The international “Surviving sepsis campaign” defines sepsis as inflammation of human body in the presence of infection and it is called severe sepsis when organ functions get affected by sepsis.
Infection from various “bugs” (micro-organisms) have been the cause of human fatality for millions of years and sepsis is the most severe form of adverse effects of infection on human body, when various organ functions are affected by infection. This has been described nearly 2500 years ago by the famous Greek physician Hippocrates and later by stalwarts in medical history (Gallen, Pasteur and the likes).
Patients with sepsis takes up about 1-2 in every 10 ICU beds and therefore this forms a majority of an intensivist’s workload. As described before, when lungs, heart, kidneys cannot function in sepsis, it is the intensivist’s job to run the body function using various machineries and medications giving the body the required time to heal with help of antibiotics.
As sepsis remains one of the biggest killers of humans throughout the world, there have been significant international efforts to improve patient care in and save lives from sepsis. The “Surviving Sepsis Campaign “ was started in Barcelona in 2002 and this has helped improve education amongst doctors and nurses about timely treatment of sepsis and this has already achieved a decrease in mortality by nearly 20%.
Intensivists have been in the forefront of this campaign across the world.Important lessons from this campaign/ related research in the past decade or so
In patients with suspected severe sepsis in hospital, antibiotics should be given as soon as possible (each hour’s delay results in around 7% increase in mortality)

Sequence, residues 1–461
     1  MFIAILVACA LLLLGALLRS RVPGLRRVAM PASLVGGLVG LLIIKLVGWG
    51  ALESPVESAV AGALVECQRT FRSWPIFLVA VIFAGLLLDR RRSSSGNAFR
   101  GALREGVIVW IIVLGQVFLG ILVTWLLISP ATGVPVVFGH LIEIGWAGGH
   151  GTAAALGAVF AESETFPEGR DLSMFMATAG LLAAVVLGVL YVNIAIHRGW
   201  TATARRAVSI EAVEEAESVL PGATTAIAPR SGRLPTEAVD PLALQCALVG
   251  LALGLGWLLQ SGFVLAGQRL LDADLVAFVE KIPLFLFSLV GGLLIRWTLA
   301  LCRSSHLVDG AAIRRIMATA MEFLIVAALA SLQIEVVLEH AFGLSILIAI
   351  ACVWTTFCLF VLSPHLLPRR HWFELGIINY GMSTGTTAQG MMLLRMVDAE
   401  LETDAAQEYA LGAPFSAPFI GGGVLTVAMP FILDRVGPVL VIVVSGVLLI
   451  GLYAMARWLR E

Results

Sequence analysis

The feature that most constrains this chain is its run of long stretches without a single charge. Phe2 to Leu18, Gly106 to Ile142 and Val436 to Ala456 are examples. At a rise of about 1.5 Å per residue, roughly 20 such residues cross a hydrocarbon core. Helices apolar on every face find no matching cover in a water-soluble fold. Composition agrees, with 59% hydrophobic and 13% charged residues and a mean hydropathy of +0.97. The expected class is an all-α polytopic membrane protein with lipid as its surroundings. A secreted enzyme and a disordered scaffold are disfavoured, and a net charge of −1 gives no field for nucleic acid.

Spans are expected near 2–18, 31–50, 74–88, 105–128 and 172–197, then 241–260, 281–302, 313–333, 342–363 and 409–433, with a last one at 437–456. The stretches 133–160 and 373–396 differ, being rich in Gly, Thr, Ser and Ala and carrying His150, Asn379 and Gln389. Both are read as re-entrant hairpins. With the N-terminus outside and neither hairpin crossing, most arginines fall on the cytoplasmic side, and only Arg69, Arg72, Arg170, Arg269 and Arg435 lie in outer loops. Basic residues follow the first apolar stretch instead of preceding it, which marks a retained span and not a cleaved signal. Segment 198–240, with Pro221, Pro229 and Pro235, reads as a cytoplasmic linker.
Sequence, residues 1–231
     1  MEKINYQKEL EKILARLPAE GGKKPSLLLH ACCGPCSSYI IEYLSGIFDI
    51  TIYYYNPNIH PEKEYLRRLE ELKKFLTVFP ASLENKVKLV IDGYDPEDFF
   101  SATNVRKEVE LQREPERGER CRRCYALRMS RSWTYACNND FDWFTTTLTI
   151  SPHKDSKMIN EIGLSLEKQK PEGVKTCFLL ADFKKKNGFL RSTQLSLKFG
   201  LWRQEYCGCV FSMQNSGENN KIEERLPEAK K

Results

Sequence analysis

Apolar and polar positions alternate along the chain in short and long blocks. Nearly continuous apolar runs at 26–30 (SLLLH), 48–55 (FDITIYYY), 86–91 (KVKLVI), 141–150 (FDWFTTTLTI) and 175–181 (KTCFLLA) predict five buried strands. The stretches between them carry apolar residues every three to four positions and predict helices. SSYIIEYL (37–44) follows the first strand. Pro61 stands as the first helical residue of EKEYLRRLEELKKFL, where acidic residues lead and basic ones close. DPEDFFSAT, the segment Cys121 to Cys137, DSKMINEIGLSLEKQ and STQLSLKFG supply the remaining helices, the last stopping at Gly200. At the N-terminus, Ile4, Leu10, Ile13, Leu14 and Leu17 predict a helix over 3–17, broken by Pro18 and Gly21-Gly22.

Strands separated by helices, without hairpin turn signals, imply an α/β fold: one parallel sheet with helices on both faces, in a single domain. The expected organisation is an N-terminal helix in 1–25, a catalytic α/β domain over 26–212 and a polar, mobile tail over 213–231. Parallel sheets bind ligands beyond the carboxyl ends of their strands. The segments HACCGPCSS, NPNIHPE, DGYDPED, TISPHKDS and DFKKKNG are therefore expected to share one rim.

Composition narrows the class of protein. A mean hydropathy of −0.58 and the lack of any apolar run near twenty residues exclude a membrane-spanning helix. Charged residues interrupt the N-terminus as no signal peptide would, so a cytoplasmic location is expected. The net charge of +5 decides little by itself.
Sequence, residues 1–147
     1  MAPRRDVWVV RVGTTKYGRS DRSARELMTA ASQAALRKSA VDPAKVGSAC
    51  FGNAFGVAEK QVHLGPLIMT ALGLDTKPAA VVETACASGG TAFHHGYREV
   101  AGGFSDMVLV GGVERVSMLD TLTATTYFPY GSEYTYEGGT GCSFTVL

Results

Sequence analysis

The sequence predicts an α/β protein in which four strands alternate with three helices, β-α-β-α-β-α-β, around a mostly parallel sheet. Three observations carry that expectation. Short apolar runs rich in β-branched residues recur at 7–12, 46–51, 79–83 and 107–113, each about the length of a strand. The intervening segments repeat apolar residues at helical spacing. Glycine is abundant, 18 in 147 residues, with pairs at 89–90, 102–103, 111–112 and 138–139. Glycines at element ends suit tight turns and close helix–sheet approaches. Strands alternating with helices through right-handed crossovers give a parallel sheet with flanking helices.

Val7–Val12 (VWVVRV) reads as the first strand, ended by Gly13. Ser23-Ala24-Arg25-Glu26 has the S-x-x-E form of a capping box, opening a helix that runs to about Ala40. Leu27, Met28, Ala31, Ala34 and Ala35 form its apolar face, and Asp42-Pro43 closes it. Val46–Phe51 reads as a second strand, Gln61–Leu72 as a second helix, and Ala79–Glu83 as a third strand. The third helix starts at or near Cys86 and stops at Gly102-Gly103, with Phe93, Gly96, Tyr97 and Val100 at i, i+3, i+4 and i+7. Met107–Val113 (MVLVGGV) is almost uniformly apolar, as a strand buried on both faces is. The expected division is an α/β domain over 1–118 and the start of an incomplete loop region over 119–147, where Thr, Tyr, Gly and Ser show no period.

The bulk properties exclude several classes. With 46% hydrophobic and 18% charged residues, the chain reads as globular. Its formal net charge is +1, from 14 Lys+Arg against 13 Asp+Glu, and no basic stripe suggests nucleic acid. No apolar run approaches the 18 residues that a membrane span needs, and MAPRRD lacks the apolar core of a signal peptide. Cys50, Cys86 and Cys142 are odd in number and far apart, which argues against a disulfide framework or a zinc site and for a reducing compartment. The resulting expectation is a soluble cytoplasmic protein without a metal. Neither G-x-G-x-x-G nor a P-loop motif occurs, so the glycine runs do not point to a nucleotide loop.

Intravenous fluid should be given as soon as possible
Appropriate sample (blood, urine) should be sent to the laboratory before starting the antibiotics so that it can be shown subsequently what “bug” has caused the problem
Sepsis can result from pneumonia, mengitis, urinary infection or from infection deep inside the body with collection of pus.
If the suspected site of infection is deep seated in the body (in the abdomen or in the joints), appropriate imaging (X ray, scans) should be done as soon as possible so that the pus can be identified and drained by surgery or needle aspiration. This is called “source control” of sepsis – until the pus is extracted, recovery is not possible.
If the initial treatment is not successful, early transfer to a critical care bed improves outcome (i.e. more patients get better)
What is Ventilation/ role of ETT
There are times during a serious illness when it is not any more possible for the patient to continue breathing on his/her own. If not supported by external devices/ ventilator, the patient would be able to breathe and will die. It is in this situation that the ventilators are utilised. These machines support the patient’s breathing until the body recovers enough to be able to initiate adequate breathing.
There are 3 principal causes why a patient may need a ventilator – A problem within the lung (pneumonia, severe asthma etc), a problem in the brain (i.e. the brain is not able protect the upper airway and the lungs can be flooded with secretion – in unconscious patients, head injury etc) or a problem in the breathing muscle.